Alums celebrate 50 years of friendship during campus reunion

By Steve Nakata, Division of Student Affairs

Among the fans at the Washington State University football game against Northern Colorado on Sept. 16 was a group of women who met each other 50 years ago while living on the fourth floor of Regents Hall.

Their time in Regents created a lasting friendship that has endured a half-century of life’s ups and downs: impressive careers, marriages, kids and grandkids, illnesses, and retirement.

“When we met each other in 1973, we were all a little scared to be living away from home for the first time and had to rely on our friends for support,” said Cindy Aillaud, one of the group. “We all came from different backgrounds and had different personalities, but we just hit it off.”

The eight women – Aillaud, Ann Whittington, Colleen Norcott, Sue Means, Noranne Olson, Jill Bailey, Carol Moehrle and Barb Ahmad – have seen each other often over the years, but decided to visit Pullman this month to celebrate 50 years of friendship. For some of them, it was their first visit to Pullman since they were students.

“It was 50 years ago in September that we met, so we thought it would be a good idea for all of us to have a reunion on campus where our friendship began,” said Whittington.

Building a community

Regents Hall, known in the ‘70s as Regents Hill, was the perfect place to kindle strong friendships, Whittington said. Since few students brought cars to campus then, most spent a lot of time in the residence halls eating, studying, and attending dances, parties, and hall government meetings.

Jack Van Dam, assistant director of WSU Residence Life and Housing, gave the group a tour of Regents Hall and said that, in 1973 and now, the resident advisors work hard to create an environment where students can thrive, find shared interests, and form strong bonds.

“Seeing this group back on campus is special, and a testament to the great work our resident advisors do to create community,” Van Dam said. “We hope all of our students are having the same type of experience this group did and will be reminiscing about it 50 years from now.”

For these eight women, memories of their time in Regents flooded back during their tour: wearing fringe dresses to a Roaring ‘20s dance, rescuing Ahmad from underneath a vending machine that had tipped over on her, and sneaking into the kitchen to grab some freshly baked cookies.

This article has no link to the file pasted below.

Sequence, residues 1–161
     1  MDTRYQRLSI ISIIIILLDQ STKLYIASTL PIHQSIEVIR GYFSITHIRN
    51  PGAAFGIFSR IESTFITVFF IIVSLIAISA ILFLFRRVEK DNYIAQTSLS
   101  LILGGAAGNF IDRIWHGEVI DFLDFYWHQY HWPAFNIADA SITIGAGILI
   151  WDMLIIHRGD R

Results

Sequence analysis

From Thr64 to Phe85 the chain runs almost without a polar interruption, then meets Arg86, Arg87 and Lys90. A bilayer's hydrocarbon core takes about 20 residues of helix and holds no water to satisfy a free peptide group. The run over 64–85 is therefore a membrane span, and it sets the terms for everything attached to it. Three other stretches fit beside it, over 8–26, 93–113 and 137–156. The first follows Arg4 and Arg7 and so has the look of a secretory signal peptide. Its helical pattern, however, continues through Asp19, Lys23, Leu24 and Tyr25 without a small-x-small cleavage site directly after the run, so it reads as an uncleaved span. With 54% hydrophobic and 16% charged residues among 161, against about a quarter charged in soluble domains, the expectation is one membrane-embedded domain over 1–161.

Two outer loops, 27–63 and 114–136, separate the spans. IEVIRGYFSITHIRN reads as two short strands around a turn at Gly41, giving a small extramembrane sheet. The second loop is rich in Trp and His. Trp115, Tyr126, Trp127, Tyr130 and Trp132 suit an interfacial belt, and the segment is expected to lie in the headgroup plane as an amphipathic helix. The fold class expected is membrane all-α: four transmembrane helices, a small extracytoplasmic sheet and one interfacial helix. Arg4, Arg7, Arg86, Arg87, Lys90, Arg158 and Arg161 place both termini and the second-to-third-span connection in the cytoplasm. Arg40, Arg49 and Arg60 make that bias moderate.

“Regents used to make the best chocolate chip cookies in the world and we could not get enough of them,” Aillaud said. “We were so worried we were going to get kicked out of school for taking cookies.”

Pullman Chancellor Elizabeth Chilton, who greeted the group in Regents, said the tight bond among them is exceptional, and something we aspire to for all WSU graduates. The small-town atmosphere of Pullman and the caring faculty and staff all contribute to unique bonding experiences.

“It is about creating a culture of belonging and having everyone, regardless of where they come from, feel like this is home,” Chilton said. “It is fabulous that these women have come back here after 50 years.”

Always there for each other

Just as they did when they lived together in Regents, the group continues to look out for each other today. Aillaud recalled hiking the Pacific Crest Trail in California one year when her feet became so blistered, she could barely walk. She contacted Ahmad, who picked her up at Donner Pass. When Aillaud moved to Camano Island, Wash., from Alaska in June, five members of the group unexpectedly showed up at her house to unload the moving truck. When one of them was fighting cancer and could not attend a group gathering, the group came to her instead.

The challenging times come with good times. The group takes annual excursions to places like California, Hawaii, and Alaska.

“It has been quite an adventure,” Whittington said. “But mostly we enjoy just getting together to reminisce about all the stuff we did when we were at WSU.”

Alumni group with Chancellor Chilton

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